political science part 4: joe biden

December 20, 2007 at 10:34 am | | news, political science, science and the public, science community

I really like Biden: I think he speaks his mind and has a lot of experience with good results. Maybe speaking his mind sometimes gets him in trouble for not being politically correct or when his words are taken out of context, but I’m impressed by a politician who doesn’t tip-toe all the time.

I had trouble finding information on science on Joe Biden’s website, but maybe because it has so much impressive information and detailed plans (check out his thoughtful plans for Iraq) and I just got lost. So I emailed his campaign and they responded in a couple days with this (emphasis mine):

Developments in aeronautics, science and technology drive American business and further our place in an ever changing global economy. Joe Biden believes we must make an investment in one of our greatest resources, American innovation, through supporting scientific research. Joe Biden supports stem cell research and he supported the successful effort several years ago to double the NIH budget and believes we should not lose the momentum generated toward cures for diseases of all kinds. He supports continued increased investments and recently joined with those advocating to increase the agency’s budget by 6.7 percent each of the next three fiscal years. Joe Biden also believes that we need a substantial national commitment and would support an Apollo Project of $50 billion to dramatically increase investment in energy and climate change research and technology so that that United States becomes the world leader in developing and exporting alternative energy and energy efficiency technology.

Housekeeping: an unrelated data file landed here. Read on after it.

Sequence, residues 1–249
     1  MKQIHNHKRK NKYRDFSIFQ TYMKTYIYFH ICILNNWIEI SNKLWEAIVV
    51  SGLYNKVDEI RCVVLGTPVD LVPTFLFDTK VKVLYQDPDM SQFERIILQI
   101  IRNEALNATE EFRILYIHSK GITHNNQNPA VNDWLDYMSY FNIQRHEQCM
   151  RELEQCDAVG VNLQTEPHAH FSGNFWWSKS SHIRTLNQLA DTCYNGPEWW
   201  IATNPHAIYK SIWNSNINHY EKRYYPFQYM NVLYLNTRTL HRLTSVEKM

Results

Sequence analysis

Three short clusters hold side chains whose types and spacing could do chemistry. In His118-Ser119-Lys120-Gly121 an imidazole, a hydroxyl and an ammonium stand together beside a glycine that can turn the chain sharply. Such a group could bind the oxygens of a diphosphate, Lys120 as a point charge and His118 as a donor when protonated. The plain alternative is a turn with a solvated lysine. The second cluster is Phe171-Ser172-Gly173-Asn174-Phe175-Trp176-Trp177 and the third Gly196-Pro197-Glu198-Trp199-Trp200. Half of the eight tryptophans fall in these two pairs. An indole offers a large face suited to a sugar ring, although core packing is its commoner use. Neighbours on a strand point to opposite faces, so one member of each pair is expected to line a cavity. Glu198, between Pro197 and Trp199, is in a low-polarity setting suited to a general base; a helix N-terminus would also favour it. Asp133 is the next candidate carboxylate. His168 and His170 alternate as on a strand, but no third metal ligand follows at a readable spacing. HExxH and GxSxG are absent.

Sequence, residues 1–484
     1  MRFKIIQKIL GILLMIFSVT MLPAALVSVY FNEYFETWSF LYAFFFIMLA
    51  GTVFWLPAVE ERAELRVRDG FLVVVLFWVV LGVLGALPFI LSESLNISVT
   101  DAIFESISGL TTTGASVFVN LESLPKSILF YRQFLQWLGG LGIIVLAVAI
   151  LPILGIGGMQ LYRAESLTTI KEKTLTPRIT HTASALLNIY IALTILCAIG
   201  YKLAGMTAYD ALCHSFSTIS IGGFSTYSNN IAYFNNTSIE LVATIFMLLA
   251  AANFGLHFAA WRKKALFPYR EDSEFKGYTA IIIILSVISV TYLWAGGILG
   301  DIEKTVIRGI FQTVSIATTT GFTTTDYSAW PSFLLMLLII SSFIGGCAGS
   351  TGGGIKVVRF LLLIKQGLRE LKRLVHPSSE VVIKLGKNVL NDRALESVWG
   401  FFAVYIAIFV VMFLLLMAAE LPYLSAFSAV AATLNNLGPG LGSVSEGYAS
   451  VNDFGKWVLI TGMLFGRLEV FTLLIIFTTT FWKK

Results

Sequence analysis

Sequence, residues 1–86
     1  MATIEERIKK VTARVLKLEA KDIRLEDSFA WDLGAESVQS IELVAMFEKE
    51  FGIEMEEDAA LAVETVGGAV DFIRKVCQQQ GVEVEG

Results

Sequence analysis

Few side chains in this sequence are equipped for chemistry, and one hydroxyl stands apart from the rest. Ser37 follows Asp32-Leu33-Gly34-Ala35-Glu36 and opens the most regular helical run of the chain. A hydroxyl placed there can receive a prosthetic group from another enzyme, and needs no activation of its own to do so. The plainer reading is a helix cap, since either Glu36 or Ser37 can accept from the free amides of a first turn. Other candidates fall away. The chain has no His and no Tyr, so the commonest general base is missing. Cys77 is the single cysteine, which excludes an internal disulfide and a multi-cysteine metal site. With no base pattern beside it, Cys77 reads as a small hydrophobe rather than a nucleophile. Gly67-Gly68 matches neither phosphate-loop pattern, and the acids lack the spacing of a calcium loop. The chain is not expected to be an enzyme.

Not too many specifics or detailed plans here, which is a little disappointing. But Biden has demonstrated many years of support for scientific research funding; and his attitude toward science is obviously one of respect instead of the disdain we see from the current Administration.

I think Clinton still wins in the science race, mainly for the details and plans she’s laid out on her website. Regardless, all four candidates I’ve summarized so far (Clinton, Obama, Edwards, and Biden) exhibit respect for science and demonstrate—in their words and their actions—that they would support scientific research efforts in this country during their Presidency and beyond.

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